Here, we show that statistical measures automatically derived from simple optical flow algorithms applied to the movements of large flocks of chickens can be combined to give highly predictive measures of health and welfare, some of them days or even weeks before more conventional measures are taken. The commercial broiler houses we recorded from each contained around 34 000 birds, all similar in appearance and with no possibility of marking or tagging individuals so that our methods could be applied to any situation where there is a need to monitor and analyse information about large numbers of anonymous individuals, such as crowds of people, or flocks and herds of animals. The use of optical flow to analyse behaviour at a group level avoids the heavy computation involved in attempting to track many individuals at once. The computation required by our method is simple enough to be done in real time, giving a continuous minute-by-minute output.
Three basic statistical measures of optical flow (daily mean, skew and kurtosis) have already been shown to be predictive on their own of key health and welfare measures in broiler chickens [6,7]. Skew and kurtosis, as measures of heterogeneity of flow, were particularly effective at predicting final flock mortality, incidence of hockburn (damaged leg skin) and poor walking in older birds (27–35 days) even when the birds were as young as 15–20 days. In this study, we show the predictive power of this approach by using the optical flow measures as input to a Bayesian multivariate linear regression model, with sparsity-inducing shrinkage to highlight which variables are genuinely contributing to the predictive power of the model. Variables that contribute little information are then associated with very small factor weights, while those that contribute a great deal are weighted heavily. The result is a sparse, efficient model that gives the maximum predictive power with the minimum number of key variables.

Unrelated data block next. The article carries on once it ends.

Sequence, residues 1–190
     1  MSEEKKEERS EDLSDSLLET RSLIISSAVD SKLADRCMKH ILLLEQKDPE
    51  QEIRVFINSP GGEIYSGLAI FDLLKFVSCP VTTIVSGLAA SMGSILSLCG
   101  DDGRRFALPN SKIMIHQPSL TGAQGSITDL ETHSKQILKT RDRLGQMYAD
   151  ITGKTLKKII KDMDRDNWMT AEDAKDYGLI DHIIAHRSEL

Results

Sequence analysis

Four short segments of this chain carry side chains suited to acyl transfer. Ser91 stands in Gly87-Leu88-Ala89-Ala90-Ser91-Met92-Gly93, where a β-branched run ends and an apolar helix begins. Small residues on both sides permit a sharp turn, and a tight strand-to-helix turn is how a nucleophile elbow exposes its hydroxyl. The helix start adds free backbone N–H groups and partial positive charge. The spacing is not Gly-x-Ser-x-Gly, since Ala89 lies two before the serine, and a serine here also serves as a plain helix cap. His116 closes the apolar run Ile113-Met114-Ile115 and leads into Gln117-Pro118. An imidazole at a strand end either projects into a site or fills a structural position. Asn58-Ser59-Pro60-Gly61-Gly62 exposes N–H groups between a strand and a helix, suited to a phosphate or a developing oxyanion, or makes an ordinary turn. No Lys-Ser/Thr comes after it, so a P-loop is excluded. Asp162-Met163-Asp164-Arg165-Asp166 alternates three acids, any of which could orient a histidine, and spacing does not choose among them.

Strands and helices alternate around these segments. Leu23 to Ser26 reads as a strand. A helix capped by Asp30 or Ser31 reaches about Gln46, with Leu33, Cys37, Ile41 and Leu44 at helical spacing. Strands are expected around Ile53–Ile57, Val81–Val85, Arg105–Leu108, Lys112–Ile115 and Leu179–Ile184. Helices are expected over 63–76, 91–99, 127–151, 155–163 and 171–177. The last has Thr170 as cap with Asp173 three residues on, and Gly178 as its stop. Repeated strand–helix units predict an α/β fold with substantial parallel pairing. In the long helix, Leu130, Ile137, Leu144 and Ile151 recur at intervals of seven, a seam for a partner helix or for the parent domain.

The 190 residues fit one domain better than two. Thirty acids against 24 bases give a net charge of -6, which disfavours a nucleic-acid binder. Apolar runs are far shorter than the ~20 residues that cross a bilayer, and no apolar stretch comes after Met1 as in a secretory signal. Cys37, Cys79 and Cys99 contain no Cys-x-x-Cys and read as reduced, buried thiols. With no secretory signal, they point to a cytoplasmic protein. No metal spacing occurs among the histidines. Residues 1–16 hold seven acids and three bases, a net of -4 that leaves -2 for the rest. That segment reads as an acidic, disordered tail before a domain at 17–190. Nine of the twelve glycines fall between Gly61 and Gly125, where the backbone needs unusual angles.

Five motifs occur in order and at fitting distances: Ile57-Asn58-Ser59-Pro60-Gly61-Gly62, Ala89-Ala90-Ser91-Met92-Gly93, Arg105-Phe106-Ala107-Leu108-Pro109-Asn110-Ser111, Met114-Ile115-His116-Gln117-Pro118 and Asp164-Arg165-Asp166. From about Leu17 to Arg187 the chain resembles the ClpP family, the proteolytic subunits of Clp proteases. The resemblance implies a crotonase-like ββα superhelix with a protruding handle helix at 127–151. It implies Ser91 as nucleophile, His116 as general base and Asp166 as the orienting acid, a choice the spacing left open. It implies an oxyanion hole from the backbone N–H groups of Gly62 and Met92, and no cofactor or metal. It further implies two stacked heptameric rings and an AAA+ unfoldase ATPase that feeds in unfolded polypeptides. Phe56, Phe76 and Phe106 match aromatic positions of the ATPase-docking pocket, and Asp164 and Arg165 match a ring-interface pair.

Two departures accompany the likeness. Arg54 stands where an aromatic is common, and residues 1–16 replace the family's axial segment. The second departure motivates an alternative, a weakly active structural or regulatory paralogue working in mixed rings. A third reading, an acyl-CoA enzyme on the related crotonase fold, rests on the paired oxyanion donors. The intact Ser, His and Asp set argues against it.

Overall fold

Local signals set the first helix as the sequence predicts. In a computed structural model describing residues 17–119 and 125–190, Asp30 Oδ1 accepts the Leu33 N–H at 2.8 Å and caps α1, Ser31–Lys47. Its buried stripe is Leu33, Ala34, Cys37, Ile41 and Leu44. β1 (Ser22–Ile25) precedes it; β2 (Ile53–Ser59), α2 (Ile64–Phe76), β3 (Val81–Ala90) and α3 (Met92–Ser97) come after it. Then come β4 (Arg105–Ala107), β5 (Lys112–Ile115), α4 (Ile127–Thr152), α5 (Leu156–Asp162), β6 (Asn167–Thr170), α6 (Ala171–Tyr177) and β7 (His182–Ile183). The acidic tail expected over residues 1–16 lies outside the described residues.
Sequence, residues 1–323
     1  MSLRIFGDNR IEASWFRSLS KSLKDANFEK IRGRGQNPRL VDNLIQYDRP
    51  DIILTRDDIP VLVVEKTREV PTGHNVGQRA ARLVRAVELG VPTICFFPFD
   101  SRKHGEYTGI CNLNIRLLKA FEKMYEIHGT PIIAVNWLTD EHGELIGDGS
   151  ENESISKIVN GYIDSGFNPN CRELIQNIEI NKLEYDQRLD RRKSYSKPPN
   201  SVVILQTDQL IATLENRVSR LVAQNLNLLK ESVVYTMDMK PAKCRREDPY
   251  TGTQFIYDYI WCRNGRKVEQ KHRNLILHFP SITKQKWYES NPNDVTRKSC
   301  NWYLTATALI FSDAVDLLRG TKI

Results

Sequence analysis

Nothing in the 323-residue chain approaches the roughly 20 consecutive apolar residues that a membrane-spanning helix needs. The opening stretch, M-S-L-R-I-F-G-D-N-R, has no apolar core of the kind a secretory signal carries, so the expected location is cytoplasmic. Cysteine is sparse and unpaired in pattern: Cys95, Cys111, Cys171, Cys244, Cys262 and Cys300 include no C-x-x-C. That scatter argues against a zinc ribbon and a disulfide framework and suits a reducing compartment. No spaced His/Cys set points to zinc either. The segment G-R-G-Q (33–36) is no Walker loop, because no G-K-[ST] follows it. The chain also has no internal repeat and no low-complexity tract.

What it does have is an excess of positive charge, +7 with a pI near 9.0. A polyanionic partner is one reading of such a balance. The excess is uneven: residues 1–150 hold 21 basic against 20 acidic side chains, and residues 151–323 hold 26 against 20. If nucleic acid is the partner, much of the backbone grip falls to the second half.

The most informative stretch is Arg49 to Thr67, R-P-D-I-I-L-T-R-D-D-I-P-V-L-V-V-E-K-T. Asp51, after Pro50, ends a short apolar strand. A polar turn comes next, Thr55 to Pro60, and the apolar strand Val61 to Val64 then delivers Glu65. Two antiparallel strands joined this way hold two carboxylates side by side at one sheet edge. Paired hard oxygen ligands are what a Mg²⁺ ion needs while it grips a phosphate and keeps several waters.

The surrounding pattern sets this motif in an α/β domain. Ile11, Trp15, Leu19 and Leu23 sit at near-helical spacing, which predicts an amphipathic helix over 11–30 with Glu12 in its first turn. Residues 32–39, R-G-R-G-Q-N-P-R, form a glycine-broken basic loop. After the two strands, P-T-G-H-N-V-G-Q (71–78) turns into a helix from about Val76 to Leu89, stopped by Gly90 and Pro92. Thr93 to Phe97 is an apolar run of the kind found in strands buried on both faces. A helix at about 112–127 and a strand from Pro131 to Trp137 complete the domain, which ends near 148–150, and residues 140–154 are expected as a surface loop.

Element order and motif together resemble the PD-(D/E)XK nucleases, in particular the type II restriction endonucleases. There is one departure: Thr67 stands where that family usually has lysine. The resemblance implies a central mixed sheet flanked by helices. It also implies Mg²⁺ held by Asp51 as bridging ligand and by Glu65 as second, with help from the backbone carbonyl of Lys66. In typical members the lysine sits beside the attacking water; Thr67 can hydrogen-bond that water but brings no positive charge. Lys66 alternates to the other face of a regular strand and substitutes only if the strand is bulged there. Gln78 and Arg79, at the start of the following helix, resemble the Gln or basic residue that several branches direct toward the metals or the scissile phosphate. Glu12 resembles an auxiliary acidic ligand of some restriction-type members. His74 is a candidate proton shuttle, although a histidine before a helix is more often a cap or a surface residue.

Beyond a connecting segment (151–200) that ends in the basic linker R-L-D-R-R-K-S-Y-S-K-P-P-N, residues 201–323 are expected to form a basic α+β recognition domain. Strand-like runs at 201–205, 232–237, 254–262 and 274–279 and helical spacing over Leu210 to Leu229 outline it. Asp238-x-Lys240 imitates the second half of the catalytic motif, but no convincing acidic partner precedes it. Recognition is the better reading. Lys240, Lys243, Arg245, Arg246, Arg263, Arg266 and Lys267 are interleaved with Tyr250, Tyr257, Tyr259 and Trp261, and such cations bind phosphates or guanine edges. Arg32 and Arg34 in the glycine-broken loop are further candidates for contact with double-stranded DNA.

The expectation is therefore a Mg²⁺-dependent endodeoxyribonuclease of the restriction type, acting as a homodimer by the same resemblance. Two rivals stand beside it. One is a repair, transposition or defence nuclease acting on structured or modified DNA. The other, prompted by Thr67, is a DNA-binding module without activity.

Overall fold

By using information from different inputs and cumulating this information over the entire preceding life-history of a flock, we show that it is possible to predict end-of-flock welfare measures in birds as young as a week old and over a month before these measures are conventionally taken. The regression model described has potential application to a wide variety of other situations with multiple inputs and high levels of noise.
2.1. Animals and housing
Data (optical flow, production and welfare) were collected from 24 commercial chicken flocks, all on a single site in the UK and belonging to a major producer company. Four flocks were studied at a time, housed in separate identical broiler houses, each with floor area of 1670 m2 and with identical numbers and layout of feeders, drinkers and ventilation fans. The same farm staff looked after all the flocks. Six replicates of four flocks were completed over the period between October 2010 and June 2011. Each flock contained approximately 34 000 chickens of mixed sexes and two commercial broiler breeds (sometimes separated and sometimes mixed, according to company needs). Chicks were placed as day-olds and grown to 35 days old with a target final stocking density of 38 kg m−2. Flocks were not thinned (proportion of flock removed before clearance) during the growing period.